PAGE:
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185Episodes
History

A daily history podcast attempting to entertain you through the Covid19 pandemic.

Episodes

Continuing on our quest to cover the war in the Pacific comprehensively, Richard Frank joins us to talk about one of the most infamous days in America's history. 

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Brace yourselves for more nonsense. This week we pay "shag, marry, kill" and find out that Alex's road-trip buddy needs the concept explained to him in great detail... 

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Historian and professional storyteller Owen Staton returns after his victorious retelling of the Battle of Hastings in The Mary Rose to talk about the Welsh and folklore. Then sit yourself down with a drink and prepare to be entertained... 

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Hannah Pringle joins us to talk all about the trials and tribulations of women accused of witchcraft in 17th Century England. And about why Matthew Hopkins was a dick.  

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The hosts of the Sagas of She podcast join us to talk all about raising the profile of some of their favourite historical matriarchs. 

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Robin Osborne joins us to talk about representations of homosexuality in Ancient Greece. 

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Matt Bone takes on his mastermind subject of choice and tells us the story of the humble successor to the Hurricane, and how efforts are underway to make one fly again.

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The gang reunites for what we hope will be a monthly jaunt to The Mary Rose. Tonight, it's folklore madness from history. How do people come up with these stories? Which one is the nuttiest? What did Clive have for dinner? And just what lengths will James go to to convince people to visit Birmingham?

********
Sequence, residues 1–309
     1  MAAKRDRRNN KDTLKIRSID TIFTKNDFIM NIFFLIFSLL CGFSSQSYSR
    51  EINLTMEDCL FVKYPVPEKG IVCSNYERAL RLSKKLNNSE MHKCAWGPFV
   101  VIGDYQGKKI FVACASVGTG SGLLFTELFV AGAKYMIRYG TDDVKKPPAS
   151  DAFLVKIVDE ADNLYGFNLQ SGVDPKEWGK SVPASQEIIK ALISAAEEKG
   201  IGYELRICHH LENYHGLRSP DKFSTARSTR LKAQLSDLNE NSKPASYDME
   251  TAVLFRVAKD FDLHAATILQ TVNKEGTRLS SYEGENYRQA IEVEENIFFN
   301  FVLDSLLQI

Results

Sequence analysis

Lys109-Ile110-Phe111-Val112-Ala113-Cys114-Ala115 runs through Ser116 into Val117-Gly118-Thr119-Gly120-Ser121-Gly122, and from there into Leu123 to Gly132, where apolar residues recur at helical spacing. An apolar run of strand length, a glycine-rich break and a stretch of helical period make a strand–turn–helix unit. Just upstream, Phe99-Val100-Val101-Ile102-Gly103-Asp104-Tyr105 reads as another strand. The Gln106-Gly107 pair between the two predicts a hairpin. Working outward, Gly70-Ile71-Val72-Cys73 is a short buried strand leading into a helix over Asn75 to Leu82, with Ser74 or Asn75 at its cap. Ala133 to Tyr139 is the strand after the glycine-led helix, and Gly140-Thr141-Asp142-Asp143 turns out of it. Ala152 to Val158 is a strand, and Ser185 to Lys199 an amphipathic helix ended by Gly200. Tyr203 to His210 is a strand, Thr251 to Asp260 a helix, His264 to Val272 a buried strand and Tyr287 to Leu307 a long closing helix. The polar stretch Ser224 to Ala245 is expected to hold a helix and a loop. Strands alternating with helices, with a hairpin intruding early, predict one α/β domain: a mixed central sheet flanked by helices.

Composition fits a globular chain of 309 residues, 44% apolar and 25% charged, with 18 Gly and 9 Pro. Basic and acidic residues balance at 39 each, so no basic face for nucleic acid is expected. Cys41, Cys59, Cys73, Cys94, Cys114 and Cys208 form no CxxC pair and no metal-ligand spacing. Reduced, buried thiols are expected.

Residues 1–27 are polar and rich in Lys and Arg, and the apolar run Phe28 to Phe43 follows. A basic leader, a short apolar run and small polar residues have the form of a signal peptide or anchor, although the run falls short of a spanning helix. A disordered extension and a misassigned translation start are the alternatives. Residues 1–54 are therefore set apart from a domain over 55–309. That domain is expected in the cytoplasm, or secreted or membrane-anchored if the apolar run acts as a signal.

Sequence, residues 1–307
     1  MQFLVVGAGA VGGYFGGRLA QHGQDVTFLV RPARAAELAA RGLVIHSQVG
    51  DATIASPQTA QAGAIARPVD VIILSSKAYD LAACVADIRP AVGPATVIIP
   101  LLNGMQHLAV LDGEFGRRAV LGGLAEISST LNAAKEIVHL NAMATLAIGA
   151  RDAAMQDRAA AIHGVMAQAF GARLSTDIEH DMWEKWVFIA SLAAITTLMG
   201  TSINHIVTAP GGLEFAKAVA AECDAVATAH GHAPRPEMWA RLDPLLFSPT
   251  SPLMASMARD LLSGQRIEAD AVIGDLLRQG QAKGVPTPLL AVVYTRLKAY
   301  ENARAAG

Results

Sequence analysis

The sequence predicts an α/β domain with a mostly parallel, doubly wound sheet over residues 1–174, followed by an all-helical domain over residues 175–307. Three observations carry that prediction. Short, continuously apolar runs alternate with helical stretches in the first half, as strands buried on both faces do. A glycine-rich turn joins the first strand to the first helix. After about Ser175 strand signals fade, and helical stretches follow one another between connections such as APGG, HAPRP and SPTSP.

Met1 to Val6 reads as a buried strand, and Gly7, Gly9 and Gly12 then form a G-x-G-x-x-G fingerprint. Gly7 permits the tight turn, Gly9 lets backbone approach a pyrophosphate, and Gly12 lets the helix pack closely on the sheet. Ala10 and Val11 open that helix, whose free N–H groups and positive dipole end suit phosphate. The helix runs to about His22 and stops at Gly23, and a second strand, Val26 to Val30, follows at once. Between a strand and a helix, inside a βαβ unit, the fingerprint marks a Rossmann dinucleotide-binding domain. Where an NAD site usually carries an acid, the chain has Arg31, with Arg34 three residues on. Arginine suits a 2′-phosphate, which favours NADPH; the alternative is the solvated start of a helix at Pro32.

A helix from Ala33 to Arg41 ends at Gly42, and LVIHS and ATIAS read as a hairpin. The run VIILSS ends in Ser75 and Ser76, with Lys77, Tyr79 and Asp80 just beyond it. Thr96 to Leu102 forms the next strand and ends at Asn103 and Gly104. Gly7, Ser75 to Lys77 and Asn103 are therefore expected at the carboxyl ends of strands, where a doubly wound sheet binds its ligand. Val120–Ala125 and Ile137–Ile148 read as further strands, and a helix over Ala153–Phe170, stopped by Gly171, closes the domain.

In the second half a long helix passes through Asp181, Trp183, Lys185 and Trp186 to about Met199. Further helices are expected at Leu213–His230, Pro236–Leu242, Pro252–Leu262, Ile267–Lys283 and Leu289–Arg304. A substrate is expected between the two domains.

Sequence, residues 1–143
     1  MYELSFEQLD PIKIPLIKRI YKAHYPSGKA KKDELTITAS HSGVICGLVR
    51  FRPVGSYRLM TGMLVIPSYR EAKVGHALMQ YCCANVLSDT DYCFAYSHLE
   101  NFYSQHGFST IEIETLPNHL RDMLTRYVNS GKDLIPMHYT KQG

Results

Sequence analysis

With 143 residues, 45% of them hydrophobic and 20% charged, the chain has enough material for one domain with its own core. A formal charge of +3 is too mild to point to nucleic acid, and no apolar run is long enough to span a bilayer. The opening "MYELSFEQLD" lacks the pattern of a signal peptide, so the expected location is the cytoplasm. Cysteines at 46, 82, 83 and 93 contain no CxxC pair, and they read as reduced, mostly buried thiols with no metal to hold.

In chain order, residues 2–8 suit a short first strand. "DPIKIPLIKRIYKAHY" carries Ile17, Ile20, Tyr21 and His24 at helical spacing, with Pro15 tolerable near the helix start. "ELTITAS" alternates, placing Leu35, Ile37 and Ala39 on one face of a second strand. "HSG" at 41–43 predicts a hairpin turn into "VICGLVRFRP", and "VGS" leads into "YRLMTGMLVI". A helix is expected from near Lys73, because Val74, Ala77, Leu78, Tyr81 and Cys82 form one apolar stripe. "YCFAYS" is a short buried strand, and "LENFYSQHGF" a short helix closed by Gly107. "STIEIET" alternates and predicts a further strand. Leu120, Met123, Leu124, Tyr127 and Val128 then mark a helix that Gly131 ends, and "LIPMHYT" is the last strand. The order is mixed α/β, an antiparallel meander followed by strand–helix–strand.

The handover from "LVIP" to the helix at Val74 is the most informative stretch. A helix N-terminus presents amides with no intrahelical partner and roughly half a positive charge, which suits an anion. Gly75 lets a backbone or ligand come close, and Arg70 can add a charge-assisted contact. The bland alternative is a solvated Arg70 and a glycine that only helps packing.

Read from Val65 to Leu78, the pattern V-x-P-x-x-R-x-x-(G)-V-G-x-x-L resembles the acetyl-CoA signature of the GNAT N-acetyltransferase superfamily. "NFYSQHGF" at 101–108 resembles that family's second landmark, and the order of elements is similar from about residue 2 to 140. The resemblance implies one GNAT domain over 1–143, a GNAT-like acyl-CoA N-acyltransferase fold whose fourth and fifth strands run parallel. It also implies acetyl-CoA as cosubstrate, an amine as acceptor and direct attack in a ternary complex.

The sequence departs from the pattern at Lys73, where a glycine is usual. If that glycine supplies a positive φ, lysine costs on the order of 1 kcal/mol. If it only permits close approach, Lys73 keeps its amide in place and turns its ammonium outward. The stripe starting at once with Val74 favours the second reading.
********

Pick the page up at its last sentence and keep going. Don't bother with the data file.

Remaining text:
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Just days after John Lewis's casket crossed the Edmund Pettus Bridge for the final time, Historian, entrepreneur and Selma native Mark Peterson joins us to talk about Dr. King. We discuss his life, and more specifically the impact of the protest of 1965 carried out by King, Lewis and their compatriots on Mark's hometown, what this meant for Mark's own upbringing, and what America lost with Dr. King's untimely death. The answer is: a giant. 

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Historian and Poet Zellie Rainey Orr joins us to talk about marching for her rights as a thirteen year old in Mississippi, desegregating her local high school and how events threw her into the path of Charlie Scattergood: one man who spent his life trying to make the world a better place. 

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